Tuesday, May 11, 2010

Elena Kagan and a "Lament for American Protestantism"

Wow, I'm starting to think that President Obama is crazy like a fox - he's picked a Supreme Court nominee who drives everyone crazy! Diana Butler Bass laments the fact that if Kagan is confirmed, there will be no Protestants on the Supreme Court.
Elena Kagan will be a fine and fair justice. President Obama has made a thoughtful, considered choice. But, on this day, I am a little sad. Missing from the bench upcoming years will be someone who empathizes with the Protestant worldview in a visceral way. As religious cases multiply in an increasingly pluralistic world, I can't help but think that losing the lived memory of American Protestantism will be a loss for all of us indeed.
The little facts that a) three-quarters of all the people who have served on the Supreme Court have been Protestants; and b) there has only ever been one non-Protestant President of the United States (John F. Kennedy), make Bass's claim that having six Catholics and three Jews on the court means that the "lived memory of American Protestantism" will be lost complete nonsense.

CNN has a far saner article about how and why the court has come to have a majority of non-Protestants, despite the fact that a majority of the country is still Protestant.
Many religion scholars attribute the decline of Protestant representation on the high court to the breakdown of a mainline Protestant identity and to the absence of a strong tradition of lawyering among evangelical Protestants. "Mainline Protestantism isn't a pressure group," said [Steve] Prothero, "It's not like the National Council of Churches is lobbying Obama to get a Lutheran appointed to the Supreme Court."
And while Judaism and Catholicism have their own sets of religious laws that date back millennia, many branches of Protestant Christianity do not. For much of the last 150 years, evangelical Christianity has stressed an emotional theology of heart over head -- not a recipe for producing legal scholars with eyes fixed on the Supreme Court.
"Evangelicals have put more effort into getting elected than in getting onto the bench," said Michael Lindsay, a Rice University professor who has studied evangelical elites. "Electoral politics is more similar to the style of rallying of around revival campaign than it is to the arduous journey of producing intellectual giants that could be eligible for the Supreme Court."
One explanation of Catholics' and Jews' high court hegemony is that members of both traditions have long pursued legal degrees as a way to assimilate into a majority Protestant country. "Most American Catholic law schools were not formed to be elite institutions of lofty legal scholarship, but as a way to respond to the fact that other law schools were excluding Catholics," said Richard Garnett, a professor at the University of Notre Dame Law School. "It was a vehicle to get Catholics into the middle class."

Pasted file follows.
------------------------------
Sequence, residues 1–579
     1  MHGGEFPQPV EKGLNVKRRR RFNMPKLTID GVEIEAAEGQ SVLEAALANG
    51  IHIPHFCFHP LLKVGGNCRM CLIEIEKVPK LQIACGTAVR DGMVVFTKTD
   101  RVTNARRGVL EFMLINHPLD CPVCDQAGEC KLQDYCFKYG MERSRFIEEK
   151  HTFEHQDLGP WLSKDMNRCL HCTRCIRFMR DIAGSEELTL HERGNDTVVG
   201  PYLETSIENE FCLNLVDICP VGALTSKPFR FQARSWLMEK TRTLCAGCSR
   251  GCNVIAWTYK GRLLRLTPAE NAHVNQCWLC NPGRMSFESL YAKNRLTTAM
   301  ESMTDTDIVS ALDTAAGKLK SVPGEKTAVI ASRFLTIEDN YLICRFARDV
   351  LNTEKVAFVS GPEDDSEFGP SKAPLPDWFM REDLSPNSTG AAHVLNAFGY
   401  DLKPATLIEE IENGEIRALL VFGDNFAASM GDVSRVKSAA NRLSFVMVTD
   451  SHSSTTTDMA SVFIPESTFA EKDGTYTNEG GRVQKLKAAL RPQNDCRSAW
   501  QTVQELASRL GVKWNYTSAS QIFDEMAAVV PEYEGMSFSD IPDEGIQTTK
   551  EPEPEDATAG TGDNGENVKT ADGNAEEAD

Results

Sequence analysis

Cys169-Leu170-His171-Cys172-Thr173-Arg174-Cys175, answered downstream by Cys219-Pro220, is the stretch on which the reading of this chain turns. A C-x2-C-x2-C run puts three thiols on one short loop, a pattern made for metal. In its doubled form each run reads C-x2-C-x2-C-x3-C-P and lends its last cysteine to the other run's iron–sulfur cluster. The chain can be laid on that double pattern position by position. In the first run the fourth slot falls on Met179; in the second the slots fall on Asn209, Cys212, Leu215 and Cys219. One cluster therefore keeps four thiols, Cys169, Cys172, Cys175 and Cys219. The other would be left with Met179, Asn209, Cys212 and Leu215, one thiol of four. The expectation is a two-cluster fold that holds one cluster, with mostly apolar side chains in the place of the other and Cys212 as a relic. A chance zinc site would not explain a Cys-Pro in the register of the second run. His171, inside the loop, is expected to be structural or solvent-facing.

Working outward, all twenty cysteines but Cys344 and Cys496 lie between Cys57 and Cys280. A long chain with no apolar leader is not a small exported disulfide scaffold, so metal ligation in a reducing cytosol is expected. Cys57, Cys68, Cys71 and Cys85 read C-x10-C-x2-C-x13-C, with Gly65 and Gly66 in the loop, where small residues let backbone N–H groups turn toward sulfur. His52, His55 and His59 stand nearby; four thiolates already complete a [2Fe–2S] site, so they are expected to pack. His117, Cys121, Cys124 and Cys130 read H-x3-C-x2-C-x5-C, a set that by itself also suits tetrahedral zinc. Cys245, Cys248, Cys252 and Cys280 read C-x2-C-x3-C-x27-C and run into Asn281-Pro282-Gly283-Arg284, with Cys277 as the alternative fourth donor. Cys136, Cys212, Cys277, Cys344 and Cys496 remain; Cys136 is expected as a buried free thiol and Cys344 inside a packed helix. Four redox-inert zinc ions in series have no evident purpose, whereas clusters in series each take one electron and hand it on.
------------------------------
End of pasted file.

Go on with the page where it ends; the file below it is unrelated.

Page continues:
"Early on, those schools admitted a lot of Jewish students who were being discriminated against," Garnett said.
Today, Catholic law schools at Georgetown University, Fordham University and Notre Dame are considered among the best in the country.
Evangelical Protestant colleges, meanwhile -- including Regent University and Liberty University, founded by Pat Robertson and Jerry Falwell respectively -- have had law schools only since the 1980s.
And law schools with Protestant roots, like Harvard and Yale, shed their religious identities a long time ago, part of the broader fading of a distinct mainline Protestant identity in the U.S.
Some legal and religious scholars say the dearth of qualified evangelical candidates for the Supreme Court came into sharp relief in 2005, when President George W. Bush nominated White House counsel Harriet Miers to the high court. An evangelical Christian whom the White House promoted strenuously among evangelicals, Miers had her nomination brought down largely by conservatives -- nonevangelicals, mostly -- who said she was not qualified for the position.
In the last couple of decades, however, more evangelicals have begun pursuing legal degrees, some at elite colleges. "There are now vibrant Christian fellowships at Harvard and Yale," said Lindsay. "Ten years from now, it will be entirely possible to see an evangelical Protestant on the Supreme Court."
Rachel Heflin, a senior at Patrick Henry College -- a Virginia school whose students are mostly evangelicals from homeschooling backgrounds -- said many of her friends are heading to law school next year. "When your circle of friends is comprised of aspiring lawyers, the joke is about who's going to make it to the high court first," said Heflin, an evangelical Christian who will be attending George Washington University Law School on scholarship.
Which means that a Protestant Supreme Court resurgence may not be too far off.
Ten years from now? If someone is just now attending Harvard or Yale, they're not going to be nominated as Supreme Court judges in ten years! Elena Kagan is considered young to be nominated, and she's 50.

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